Transcript: Diane Sawyer Interviews Treasury Secretary Timothy Geithner

SAWYER:
One question about foreclosures and mortgages. This is just a small example which contains a greater truth in it, as people experience it. Bank of America, which has the no -- most number of -- mortgages -- that could potentially be modified, has only helped seven percent. And again, taxpayers gave them what? $45 billion. And after all this time, they've only helped seven percent?

GEITHNER:
You're -- you're exactly right. And some -- some banks have been relatively slow to get this going. And they're going to have to substantially step up their efforts, because we want this program to reach people who are eligible for the benefits of the program. But we -- we expect to see half a million families in -- with mortgages have -- allow for substantially lower monthly payments. In place by November 1st. And we're going to see, I think, much st -- much more rapid progress by those institutions who are a little slow and late. And it's very important we see that.

SAWYER:
Do you think government has been at all responsible for the fact that they didn't -- they didn't feel an urgent need to move more quickly?

GEITHNER:
Oh, of course. And that's why -- that's why the president put in place the program he did at the -- at the beginning of this year. I mean, the president moved very early to do extraordinary things to bring down mortgage interest rates so that people across the country are able to borrow at lower rates than would have been possible. You're seeing the housing market now start to show signs of stability, because of the effect of that program.

And as I said, about half a million families by November 1st, perhaps earlier than that, are going to be in -- in modified mortgages, allow them to stay in their homes, and pay much less on their mortgage than they were paying before. That's -- that's a very important program. And again, we're seeing some -- some signs of stability in housing markets.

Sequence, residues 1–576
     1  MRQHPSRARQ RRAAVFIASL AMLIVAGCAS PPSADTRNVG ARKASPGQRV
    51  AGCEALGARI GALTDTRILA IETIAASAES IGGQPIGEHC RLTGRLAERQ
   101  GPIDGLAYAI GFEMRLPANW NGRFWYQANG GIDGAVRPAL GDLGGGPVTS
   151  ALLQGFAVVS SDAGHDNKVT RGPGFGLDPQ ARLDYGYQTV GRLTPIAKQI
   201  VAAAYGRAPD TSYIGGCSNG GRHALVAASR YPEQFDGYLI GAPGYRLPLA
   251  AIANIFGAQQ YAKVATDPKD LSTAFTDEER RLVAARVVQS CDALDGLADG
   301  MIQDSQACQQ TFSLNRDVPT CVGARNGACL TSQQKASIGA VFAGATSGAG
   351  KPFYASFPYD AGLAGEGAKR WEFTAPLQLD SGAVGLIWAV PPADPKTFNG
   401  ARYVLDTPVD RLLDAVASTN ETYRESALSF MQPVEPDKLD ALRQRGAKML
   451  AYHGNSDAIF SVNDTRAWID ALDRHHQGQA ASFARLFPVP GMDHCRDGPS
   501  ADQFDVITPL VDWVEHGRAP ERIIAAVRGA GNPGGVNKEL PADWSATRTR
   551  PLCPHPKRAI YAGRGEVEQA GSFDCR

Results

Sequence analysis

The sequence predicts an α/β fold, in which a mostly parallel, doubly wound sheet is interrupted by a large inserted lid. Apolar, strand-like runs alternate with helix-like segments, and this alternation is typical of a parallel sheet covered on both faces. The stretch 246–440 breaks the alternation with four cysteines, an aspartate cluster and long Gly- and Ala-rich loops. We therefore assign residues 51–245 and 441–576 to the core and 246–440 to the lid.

SAWYER:
So, for the people out there again, who -- who have been -- who still believe there are two recoveries. One for Main Street and one for Wall Street. One in peoples homes, where they're just reeling from job loss. And another -- on Main Street. You say it's true?

GEITHNER:
I would say there's no recovery yet. We -- we don't have in place yet a real recovery. We define recovery, and the president will define recovery, as -- as -- as people back to work. People able to get a job again. Businesses investing again. And we are not at the point where we can say that yet.

SAWYER:
Any regret on your part you want to express to them? That you think you could have done differently? That the government should have done differently to make it better for them today?

GEITHNER:
I have said this many times and I think it's absolutely true. The government of the United States, along with governments around the world, did not move early enough, did not move soon enough, to address this crisis. It underestimated the strength of the recession, underestimated the damage it was going to -- do. And underestimate what it was going to take. And did not see things start to improve until really the beginning of this year when there was overwhelming force put behind a strong recovery program. Strong housing program. Effort to fix this financial system.

SAWYER:
So, if you have --

GEITHNER:
And --

SAWYER:
-- one thing you say to yourself, "I wish I'd -- I wish I'd -- "

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